Doctor Who Project: The Seeds of Doom


I’ve heard of flower power, but that is ridiculous.

It took until 1976, but Doctor Who finally turned the Doctor into a secret agent, replete with a loquacious super-villain who commands an army of uniformed henchmen for a foe, in Robert Banks Stewart’s “The Seeds of Doom” (Story Production Code 4L). Aside from the alien plant creature bent on consuming the planet, this story could have featured Roger Moore or Patrick Macnee with little alteration. The Fourth Doctor’s scientific knowledge advances the plot but does not inform the resolution in the least; he’s an action hero, through and through, jumping through windows, donning disguises, brandishing pistols, and wrestling with bad guys mere inches from whirring blades of death.

The Doctor with an unlikely accessory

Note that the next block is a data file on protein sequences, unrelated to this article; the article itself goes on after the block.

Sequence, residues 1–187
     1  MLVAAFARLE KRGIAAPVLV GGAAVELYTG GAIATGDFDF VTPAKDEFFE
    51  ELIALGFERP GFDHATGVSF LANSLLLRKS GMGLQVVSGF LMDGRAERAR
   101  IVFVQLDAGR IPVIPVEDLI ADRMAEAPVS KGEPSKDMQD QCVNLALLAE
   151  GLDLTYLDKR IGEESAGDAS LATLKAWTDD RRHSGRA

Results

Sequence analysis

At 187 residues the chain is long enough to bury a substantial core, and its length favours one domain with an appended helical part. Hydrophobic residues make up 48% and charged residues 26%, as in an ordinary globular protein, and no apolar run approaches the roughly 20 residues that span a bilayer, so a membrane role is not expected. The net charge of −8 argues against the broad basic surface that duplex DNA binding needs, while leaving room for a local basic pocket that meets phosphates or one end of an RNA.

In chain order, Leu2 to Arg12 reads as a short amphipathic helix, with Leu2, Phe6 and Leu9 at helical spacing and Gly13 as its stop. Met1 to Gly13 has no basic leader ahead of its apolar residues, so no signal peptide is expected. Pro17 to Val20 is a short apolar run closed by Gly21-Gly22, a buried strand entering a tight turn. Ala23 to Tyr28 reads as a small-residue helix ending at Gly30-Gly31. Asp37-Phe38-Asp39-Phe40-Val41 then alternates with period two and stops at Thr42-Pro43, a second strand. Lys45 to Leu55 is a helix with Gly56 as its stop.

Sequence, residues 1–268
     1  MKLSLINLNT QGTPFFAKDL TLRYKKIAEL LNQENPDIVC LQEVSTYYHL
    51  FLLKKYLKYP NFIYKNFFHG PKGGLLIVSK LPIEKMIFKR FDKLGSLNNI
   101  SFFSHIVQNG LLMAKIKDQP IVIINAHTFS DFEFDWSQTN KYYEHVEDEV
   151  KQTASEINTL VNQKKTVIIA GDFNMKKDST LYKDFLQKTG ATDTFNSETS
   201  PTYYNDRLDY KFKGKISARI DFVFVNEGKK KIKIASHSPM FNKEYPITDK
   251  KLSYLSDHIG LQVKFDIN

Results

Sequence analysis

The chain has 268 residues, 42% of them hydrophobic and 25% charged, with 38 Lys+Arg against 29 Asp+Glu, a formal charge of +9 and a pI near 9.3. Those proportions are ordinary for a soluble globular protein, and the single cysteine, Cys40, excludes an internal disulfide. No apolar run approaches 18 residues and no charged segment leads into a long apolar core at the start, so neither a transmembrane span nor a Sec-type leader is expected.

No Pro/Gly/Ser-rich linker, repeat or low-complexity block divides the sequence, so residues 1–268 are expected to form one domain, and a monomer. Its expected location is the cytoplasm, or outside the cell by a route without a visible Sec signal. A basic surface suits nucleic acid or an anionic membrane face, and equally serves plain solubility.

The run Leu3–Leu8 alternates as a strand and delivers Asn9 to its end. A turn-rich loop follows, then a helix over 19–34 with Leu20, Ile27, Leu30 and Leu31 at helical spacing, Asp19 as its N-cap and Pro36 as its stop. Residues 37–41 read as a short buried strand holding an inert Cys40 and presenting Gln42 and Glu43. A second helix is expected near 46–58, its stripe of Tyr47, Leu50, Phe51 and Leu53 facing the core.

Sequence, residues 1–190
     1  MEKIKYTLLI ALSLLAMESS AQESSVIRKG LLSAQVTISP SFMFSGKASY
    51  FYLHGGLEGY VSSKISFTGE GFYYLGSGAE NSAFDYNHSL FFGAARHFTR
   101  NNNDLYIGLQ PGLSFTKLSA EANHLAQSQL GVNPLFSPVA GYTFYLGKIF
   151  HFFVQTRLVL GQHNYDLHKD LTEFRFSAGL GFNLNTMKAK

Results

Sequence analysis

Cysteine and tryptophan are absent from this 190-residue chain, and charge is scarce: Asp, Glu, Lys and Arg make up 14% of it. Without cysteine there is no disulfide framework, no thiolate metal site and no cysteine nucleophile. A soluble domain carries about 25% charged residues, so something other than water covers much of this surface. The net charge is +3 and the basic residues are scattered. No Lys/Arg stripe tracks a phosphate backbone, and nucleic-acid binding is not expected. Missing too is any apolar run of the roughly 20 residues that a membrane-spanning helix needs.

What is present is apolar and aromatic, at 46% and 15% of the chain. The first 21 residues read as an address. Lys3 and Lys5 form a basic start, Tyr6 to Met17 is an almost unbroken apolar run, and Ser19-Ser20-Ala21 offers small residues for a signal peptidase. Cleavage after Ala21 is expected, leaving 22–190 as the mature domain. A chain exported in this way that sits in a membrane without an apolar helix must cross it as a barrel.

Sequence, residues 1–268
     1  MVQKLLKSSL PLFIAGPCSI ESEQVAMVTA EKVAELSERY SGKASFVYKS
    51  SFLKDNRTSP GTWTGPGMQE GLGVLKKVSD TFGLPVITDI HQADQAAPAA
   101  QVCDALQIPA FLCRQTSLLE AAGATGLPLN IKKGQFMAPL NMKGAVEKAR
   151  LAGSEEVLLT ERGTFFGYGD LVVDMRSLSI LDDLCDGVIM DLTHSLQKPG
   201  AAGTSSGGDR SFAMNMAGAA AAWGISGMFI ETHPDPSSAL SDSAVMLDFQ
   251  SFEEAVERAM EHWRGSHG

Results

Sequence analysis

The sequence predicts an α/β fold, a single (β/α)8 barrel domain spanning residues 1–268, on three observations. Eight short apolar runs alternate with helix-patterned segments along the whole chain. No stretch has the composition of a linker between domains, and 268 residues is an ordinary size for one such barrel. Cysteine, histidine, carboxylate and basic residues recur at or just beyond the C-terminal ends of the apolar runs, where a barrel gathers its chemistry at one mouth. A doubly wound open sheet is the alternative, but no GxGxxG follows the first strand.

“The Seeds of Doom” could not have been made during Hartnell or Troughton’s runs. Indeed, the analogous Second Doctor story, “The Seeds of Death,” which also features deadly alien seed pods finding their way to Earth, centers around the dangers of technocracy, the Doctor having to match wits with bureaucrats and Ice Warriors, the former being perhaps the more difficult foe. In Stewart’s tale, the Fourth Doctor confronts a chlorophyl-thirsty megalomaniac who composes orchestral overtures for his beloved plants and commands a giant garden estate patrolled by flunkies with matching jumpers and submachine-guns. No subtle disquisition on humanity’s increasing tendency towards centralized thought, this.

Harrison Chase, friend to all plants

It wouldn’t be a Robert Banks Stewart story without world agencies, and here the World Ecological Bureau’s Antarctic expedition finds a giant seed pod buried twenty thousand years deep in the permafrost. The Doctor is dispatched by UNIT to assist the investigation, but before he can arrive, the pod releases a tendril that infects a researcher. The hapless man turns into a Krinoid, a “galactic weed,” in the Doctor’s parlance, that has the nasty side effect of consuming all non-plant life on any world where it germinates. They always travel in pairs, and the Doctor helpfully digs up the second pod to prove his point.